Since you will need a prescription for Truvada for PrEP, you will need to get connected with a healthcare provider to access it. If you do not have insurance and do not regularly see a doctor, please locate a community health center near you.
Unfortunately, a lot of general practitioners and even some HIV specialists still don’t know about PrEP. You don’t have to talk to an HIV specialist to get PrEP. You can talk to any health care provider who is qualified to write a prescription, including doctors, nurse practitioner, physician assistants.
If your doctor simply doesn’t know what it is and is uncomfortable prescribing it, ask them for a referral to someone who might be better able to meet your needs. If they say they don’t know anyone to refer you to, ask whether it might be possible to be referred to an HIV specialist.
If they still can’t help you, there are a few things you can try.
- If your city has a local LGBT center, they might have a list of LGBT-friendly providers that might be more knowledgeable about PrEP.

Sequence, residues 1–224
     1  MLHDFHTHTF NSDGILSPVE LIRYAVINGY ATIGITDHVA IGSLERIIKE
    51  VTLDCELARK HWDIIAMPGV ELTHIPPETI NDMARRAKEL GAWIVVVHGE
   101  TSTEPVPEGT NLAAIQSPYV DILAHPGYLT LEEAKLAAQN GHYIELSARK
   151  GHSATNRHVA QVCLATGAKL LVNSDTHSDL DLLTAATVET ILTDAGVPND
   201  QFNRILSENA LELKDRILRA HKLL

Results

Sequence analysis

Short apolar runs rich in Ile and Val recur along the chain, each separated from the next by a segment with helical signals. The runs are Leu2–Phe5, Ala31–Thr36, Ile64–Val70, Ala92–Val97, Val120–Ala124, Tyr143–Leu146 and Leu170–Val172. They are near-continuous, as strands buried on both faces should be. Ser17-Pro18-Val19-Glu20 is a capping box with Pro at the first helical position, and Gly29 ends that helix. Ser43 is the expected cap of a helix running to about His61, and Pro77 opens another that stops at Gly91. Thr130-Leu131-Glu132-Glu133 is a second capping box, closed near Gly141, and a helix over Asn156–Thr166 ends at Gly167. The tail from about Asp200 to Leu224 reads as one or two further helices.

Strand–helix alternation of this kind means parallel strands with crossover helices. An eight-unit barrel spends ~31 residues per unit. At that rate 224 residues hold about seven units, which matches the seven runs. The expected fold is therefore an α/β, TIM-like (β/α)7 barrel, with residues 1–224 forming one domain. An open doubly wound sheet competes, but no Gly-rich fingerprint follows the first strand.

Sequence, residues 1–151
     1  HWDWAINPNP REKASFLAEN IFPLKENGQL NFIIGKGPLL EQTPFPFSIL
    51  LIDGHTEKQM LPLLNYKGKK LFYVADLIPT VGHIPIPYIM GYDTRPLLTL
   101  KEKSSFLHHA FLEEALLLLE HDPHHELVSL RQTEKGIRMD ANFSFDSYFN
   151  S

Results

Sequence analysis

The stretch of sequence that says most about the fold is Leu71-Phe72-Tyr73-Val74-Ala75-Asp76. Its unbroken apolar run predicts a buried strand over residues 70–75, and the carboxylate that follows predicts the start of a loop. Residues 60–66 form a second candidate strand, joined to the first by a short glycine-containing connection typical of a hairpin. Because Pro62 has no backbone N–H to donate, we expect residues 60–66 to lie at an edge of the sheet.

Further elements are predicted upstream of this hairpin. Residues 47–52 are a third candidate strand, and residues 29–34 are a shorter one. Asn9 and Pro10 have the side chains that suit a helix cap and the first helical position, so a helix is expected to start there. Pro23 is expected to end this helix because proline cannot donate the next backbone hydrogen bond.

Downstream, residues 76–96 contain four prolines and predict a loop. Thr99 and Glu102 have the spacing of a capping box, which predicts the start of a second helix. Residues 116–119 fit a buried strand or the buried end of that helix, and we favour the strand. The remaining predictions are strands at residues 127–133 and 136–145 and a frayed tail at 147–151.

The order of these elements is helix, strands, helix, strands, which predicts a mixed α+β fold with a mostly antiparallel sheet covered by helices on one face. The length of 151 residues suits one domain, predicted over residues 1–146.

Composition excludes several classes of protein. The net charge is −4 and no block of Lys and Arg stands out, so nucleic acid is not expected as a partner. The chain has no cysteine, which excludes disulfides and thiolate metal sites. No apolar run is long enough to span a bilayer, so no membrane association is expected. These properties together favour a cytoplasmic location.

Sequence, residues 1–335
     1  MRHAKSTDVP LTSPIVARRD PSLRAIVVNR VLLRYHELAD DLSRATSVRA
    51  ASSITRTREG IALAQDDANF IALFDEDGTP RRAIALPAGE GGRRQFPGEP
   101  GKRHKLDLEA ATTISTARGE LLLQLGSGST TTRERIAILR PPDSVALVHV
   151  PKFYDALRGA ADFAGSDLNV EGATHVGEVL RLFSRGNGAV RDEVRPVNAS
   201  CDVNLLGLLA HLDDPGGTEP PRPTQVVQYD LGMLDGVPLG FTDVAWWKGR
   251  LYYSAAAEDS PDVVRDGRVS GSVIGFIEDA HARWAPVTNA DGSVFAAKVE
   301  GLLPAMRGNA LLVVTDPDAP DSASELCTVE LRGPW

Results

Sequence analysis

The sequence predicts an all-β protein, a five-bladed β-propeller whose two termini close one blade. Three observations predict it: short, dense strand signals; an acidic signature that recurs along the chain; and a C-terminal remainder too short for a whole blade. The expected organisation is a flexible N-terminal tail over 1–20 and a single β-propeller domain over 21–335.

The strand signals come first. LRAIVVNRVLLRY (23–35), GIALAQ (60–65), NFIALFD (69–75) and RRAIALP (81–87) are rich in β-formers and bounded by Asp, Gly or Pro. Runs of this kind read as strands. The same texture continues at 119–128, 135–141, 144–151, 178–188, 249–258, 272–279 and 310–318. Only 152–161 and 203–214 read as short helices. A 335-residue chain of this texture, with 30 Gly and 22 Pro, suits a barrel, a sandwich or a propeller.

- There may also be an AIDS service organization nearby that might be able to refer you to a provider who can help.
- If your provider is not knowledgeable about PrEP but would like to learn more, they can consult with the Centers for Disease Control and Prevention (CDC) for guidance on prescribing PrEP and/or also contact the National HIV/AIDS Clinicians’ Consultation Center’s Warmline for expert clinical advice (for clinical providers only).
- My PrEP Experience has a wonderful resource monitoring insurance and Medicaid coverage of Truvada for PrEP. If you have trouble getting a prescription for Truvada as PrEP, or getting a PrEP prescription covered by insurance or Medicaid, please send an email to email@example.com.